« AnteriorContinuar »
FRANCIS CHANTREY, SCULPTOR.
A MAN of genius and taste, Gray the poet, lamented that his native country had made no advance in sculpture. . This reproach has been removed, and removed too by a masterly hand. Those who wish to trace the return of English sculpture from the foreign artificial and allegorical style, to its natural and original character-from cold and conceited fiction to tender and elevated truth, will find it chiefly in the history of Francis Chantrey and his productions. Of him, and of them, we shall try to render some account. For it is instructive to follow the progress of an original and powerful mind, from the rudeness of its early conceptions, till it comes forth with native and unborrowed might in creations of grace, and beauty, and dignity.
Francis Chantrey was born at Norton, a small village on the borders of Derbyshire, on the 7th of April, 1782. His ancestors were in respectable if not opulent circumstances, and some heritable possessions still belong to the family. He was deprived of his father very early in life, and being an only child, was educated by his mother with abundance of tenderness and solicitude. He attended the school at Norton-but of his progress there, we have been unable to obtain any particular account. Education and agriculture shared his time between them till his seventeenth year; and a farmer's education is not always the most liberal. About this time he became weary of the pursuits of his forefathers, and resolved to study the law under a respectable solicitor at Sheffield. Whether this was his own choice or that of his relations we have not learned, and it matters not, for another destiny awaited him. To accident, we owe much of what we are willing to attribute to our wisdom; and, certainly to pure accident, we owe whatever delight we have received from the productions of Mr Chantrey.
During the hours of intermission from labour at the farm, and instruc tion at the school, he had amused himVOL. VH.
self in making resemblances of various objects in clay, and to this employment he was much attached. But his affection thus early shown for art was but a matter of amusement-he calculated as little of the scope it presented to the ambition of genius, as he was unconscious that it was the path which nature had prepared for his fame. The day named for commencing his new profession arrived, and with the usual eagerness of youth for novelty, he reached Sheffield a full hour sooner than his friends had appointed to meet him. As he walked up and down the street, expecting their coming, his attention was attracted by some figures in the window of one Ramsay, a carver and gilder. He stopped to examine them, and was not without those emotions which original minds feel in seeing something congenial. He resolved at once to become an artist; and perhaps, even then, associated his determination with those ideas and creations of beauty from which his name is now inseparable. Common wonder is fond of attributing the first visible impulse of any extraordinary mind to some singular circumstance, but nothing can be better authenticated than the fact which decided the destiny of his talents. What his friends thought of his sudden resolution it is useless to inquire-we have heard that they did not condole with him, like the illustrious Burns over the pursuits of Fergusson:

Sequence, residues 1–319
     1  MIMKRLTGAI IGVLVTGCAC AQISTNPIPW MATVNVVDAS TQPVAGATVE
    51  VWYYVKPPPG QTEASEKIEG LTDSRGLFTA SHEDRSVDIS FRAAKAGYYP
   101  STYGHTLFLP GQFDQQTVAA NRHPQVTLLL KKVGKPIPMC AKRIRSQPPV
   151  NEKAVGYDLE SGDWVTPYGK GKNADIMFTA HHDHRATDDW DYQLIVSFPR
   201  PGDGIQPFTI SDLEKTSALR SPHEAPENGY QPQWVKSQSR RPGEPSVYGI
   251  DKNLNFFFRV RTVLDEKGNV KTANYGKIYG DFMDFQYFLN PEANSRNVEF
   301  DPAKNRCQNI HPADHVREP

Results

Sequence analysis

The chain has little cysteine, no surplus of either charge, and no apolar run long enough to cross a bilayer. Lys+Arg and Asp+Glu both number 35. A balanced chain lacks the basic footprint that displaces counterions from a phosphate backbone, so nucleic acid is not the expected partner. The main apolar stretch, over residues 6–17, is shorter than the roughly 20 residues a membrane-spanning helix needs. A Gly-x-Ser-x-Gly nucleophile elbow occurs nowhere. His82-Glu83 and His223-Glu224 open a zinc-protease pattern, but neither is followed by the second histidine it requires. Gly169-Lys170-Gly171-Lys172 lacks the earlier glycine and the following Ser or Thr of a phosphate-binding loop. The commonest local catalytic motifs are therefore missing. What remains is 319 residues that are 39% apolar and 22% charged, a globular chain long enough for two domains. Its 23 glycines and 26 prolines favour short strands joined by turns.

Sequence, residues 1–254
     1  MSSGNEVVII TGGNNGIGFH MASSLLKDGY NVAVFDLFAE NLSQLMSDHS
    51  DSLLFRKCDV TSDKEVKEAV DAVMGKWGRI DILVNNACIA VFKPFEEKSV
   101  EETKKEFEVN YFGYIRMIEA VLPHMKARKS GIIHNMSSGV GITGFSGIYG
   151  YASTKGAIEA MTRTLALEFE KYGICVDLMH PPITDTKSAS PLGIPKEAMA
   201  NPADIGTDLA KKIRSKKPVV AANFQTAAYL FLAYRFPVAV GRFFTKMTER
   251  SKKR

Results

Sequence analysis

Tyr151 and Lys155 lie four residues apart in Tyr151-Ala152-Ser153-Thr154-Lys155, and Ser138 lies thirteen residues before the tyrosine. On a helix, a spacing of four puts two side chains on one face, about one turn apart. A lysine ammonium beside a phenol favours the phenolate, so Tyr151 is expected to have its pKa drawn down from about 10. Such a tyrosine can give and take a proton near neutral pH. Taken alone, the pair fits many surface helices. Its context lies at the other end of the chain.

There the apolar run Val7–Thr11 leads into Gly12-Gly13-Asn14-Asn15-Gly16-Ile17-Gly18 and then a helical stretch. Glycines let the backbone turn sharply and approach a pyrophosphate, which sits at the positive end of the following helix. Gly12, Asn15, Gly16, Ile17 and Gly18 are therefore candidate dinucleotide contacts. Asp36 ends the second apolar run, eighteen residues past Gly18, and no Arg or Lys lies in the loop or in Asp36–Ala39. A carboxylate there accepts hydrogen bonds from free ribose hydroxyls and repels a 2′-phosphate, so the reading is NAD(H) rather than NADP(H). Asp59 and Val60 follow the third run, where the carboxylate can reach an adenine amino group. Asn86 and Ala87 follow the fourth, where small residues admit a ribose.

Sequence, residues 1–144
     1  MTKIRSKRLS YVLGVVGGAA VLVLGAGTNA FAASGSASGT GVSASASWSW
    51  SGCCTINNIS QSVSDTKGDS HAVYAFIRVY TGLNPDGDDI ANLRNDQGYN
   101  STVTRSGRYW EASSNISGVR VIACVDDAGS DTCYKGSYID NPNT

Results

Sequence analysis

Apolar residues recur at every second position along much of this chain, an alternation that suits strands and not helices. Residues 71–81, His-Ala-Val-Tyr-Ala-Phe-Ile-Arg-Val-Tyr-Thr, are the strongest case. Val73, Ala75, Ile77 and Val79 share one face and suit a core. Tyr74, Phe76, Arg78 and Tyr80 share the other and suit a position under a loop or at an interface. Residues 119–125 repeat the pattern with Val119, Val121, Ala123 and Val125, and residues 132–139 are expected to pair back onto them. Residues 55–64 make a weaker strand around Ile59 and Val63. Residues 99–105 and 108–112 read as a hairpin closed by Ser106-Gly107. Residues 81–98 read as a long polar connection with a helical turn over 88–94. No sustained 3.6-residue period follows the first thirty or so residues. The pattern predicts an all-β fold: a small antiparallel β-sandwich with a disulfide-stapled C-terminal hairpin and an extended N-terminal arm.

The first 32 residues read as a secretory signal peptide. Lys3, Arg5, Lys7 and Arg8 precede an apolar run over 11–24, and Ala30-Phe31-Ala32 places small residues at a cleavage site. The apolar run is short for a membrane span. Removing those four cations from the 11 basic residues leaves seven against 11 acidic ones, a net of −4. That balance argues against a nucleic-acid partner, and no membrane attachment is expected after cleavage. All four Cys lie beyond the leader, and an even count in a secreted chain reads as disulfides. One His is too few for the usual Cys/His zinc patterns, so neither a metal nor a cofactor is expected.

"Thy glorious parts
Ill suited laws dry musty arts." The labours in which Ramsay employed him were too limited for his powers; his hours of leisure were therefore dedicated to modelling and drawing, and he always preferred copying nature. He had no other idea of style but that with which nature supplied him he had his own notions of art and of excellence to rough-hew for himself, and the style and character he then formed, he pursues with success now. These we have learned were much more pleasant speculations to him than to Ramsay, who, incensed